Increasing popularity of carrying concealed guns prompts county office to bolster staff
Editor's note: This story was edited at 9:45 a.m. for clarity on the CPL renewal process.
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Since 2008 an increasing number of people have been filing applications for Concealed Pistol Licenses (CPL) in Washtenaw County, records show.
In the first quarter of this year, there have been nearly double the number of applications during the first quarter of last year.
Washtenaw County’s Elections and Administration Division processes the CPL permit applications. Staff is requesting the Board of Commissioners approve turn a part-time administrative coordinator into a full-time position to handle the influx of paperwork.
The office anticipates this year will be a busy one for another reason because of permit renewals as well.
CPL permits expire five years after they’re issued. The jump in permit applications in 2008 means a wave of individuals will be in the office this year to renew their license — for a $105 fee and some paperwork.
The Michigan State Police tracks all registered weapons and CPL permits. The following is from the annual concealed pistol licensing report for Washtenaw County:
- July 1, 2006 - June 30, 2007: 620 applications received; 546 permits issued
- July 1, 2007 - June 30, 2008: 722 applications received; 605 permits issued
- July 1, 2008 - June 30, 2009: 1,853 applications received; 1,563 permits issued
- July 1, 2009 - June 30, 2010: 2,360 applications received; 2,425 permits issued
- July 1, 2010 - June 30, 2011: 1,957 applications received; 1,999 permits issued
President Barack Obama’s win of the 2008 election initiated a fear among some citizens that the country’s gun laws would change - prompting a wave of CPL applications, said Ernest Milligan Jr., chairman of the Washtenaw County Concealed Pistol Licensing Board.
“People just have this fear factor that they’re going to lose their gun and lose their ammunition,” Milligan said. “I’m assuming they’re going to slow down soon The next wave will be renewals.”
Milligan said the gun board has seen an increase in women applicants for CPLs during the past several years. Ages of applicants vary widely, from younger adults to individuals in their 70s and 80s, Milligan said.
In Washtenaw County as of July 1, there are 11,643 active CPL permits — 177 of which have been denied, 1,261 of which have expired, 125 of which have been revoked and 93 of which have been suspended, according to MSP data.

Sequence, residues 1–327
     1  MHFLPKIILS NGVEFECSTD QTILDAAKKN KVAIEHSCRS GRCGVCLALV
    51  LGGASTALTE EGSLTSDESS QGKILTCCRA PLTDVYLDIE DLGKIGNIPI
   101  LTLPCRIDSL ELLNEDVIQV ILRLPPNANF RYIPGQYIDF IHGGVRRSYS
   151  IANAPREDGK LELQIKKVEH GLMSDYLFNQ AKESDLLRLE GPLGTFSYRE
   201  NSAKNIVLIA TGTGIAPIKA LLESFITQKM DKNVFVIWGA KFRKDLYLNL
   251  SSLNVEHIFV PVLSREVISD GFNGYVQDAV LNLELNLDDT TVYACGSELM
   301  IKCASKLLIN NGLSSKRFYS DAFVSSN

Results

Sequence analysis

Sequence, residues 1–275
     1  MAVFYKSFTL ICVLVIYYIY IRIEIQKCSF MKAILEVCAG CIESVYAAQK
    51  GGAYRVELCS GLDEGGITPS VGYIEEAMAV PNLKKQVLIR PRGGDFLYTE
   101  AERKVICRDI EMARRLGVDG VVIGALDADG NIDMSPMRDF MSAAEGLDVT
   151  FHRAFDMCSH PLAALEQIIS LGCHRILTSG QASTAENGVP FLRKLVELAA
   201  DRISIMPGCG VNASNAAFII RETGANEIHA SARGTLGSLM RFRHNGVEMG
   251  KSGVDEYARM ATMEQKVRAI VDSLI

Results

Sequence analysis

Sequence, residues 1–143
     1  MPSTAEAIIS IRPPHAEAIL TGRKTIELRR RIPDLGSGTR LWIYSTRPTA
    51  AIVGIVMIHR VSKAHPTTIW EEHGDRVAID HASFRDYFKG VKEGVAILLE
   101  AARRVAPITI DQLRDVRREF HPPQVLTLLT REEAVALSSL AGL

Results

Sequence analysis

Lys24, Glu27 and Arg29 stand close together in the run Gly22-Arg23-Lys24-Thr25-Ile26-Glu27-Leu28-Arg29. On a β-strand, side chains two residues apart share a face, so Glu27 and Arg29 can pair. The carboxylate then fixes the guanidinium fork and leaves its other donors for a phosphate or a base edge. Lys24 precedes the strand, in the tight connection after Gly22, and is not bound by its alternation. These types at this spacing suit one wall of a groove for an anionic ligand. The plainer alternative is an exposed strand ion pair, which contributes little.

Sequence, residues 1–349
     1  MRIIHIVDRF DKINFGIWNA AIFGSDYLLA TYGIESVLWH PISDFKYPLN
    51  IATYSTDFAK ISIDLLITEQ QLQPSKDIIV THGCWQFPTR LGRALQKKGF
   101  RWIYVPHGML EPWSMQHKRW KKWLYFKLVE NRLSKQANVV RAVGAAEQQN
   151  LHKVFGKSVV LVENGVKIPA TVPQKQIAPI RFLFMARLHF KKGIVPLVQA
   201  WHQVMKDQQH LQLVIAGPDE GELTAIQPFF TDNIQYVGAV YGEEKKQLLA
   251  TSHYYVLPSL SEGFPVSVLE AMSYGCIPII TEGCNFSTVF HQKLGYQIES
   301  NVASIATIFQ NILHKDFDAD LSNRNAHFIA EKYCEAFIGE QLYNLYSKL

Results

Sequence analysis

Michigan has a total of 502,433 active CPL permits. Wayne County has the highest number of active permits in the state at 98,607.
Ed Golembiewski, elections director for Washtenaw County, said generally it takes one to three months to process an application for a CPL.
After filing an application, paying the $105 filing fee and submitting a photograph, the office files the application in their database and requests any documents that name the individual from the MSP and the county.
The $105 fee is split between entities in the process: $64 goes to the MSP, $26 goes to the county and $15 goes to the Washtenaw County Sheriff’s Office.
The applicant then goes to the Washtenaw County Sheriff’s Office for fingerprinting, where they run a background check.
The Washtenaw County Concealed Pistol Licensing Board then reviews the applications. The board, which consists of a citizen member, a sheriff’s office representative and an MSP representative, meets about once a month to conduct their business.
Board members are often contacted by other law enforcement agencies and family members regarding individuals with CPLs that need to be reviewed, Milligan said. Milligan is a former sheriff’s deputy and is a firearms instructor.
“We review anyone with a criminal history issue,” Milligan said.
Licenses are most commonly revoked because of felony and misdemeanor offenses, state records show.
Applying for a CPL the first time requires an individual to present a certificate showing they have completed a firearms training course.
However, when an individual renews their CPL, they’re required to sign a written statement that they've completed at least three hours of review of the pistol safety training course and have spent at least one hour of time at a firing range in the six months prior to the renewal application.
“There’s no accountability where you have to bring in something to say you did it,” Milligan said. “I’m not saying everyone is a liar, but you know people are not telling the truth all the time. In any event that we find that they’re not telling the truth, the gun board can call them in and revoke (their CPL).”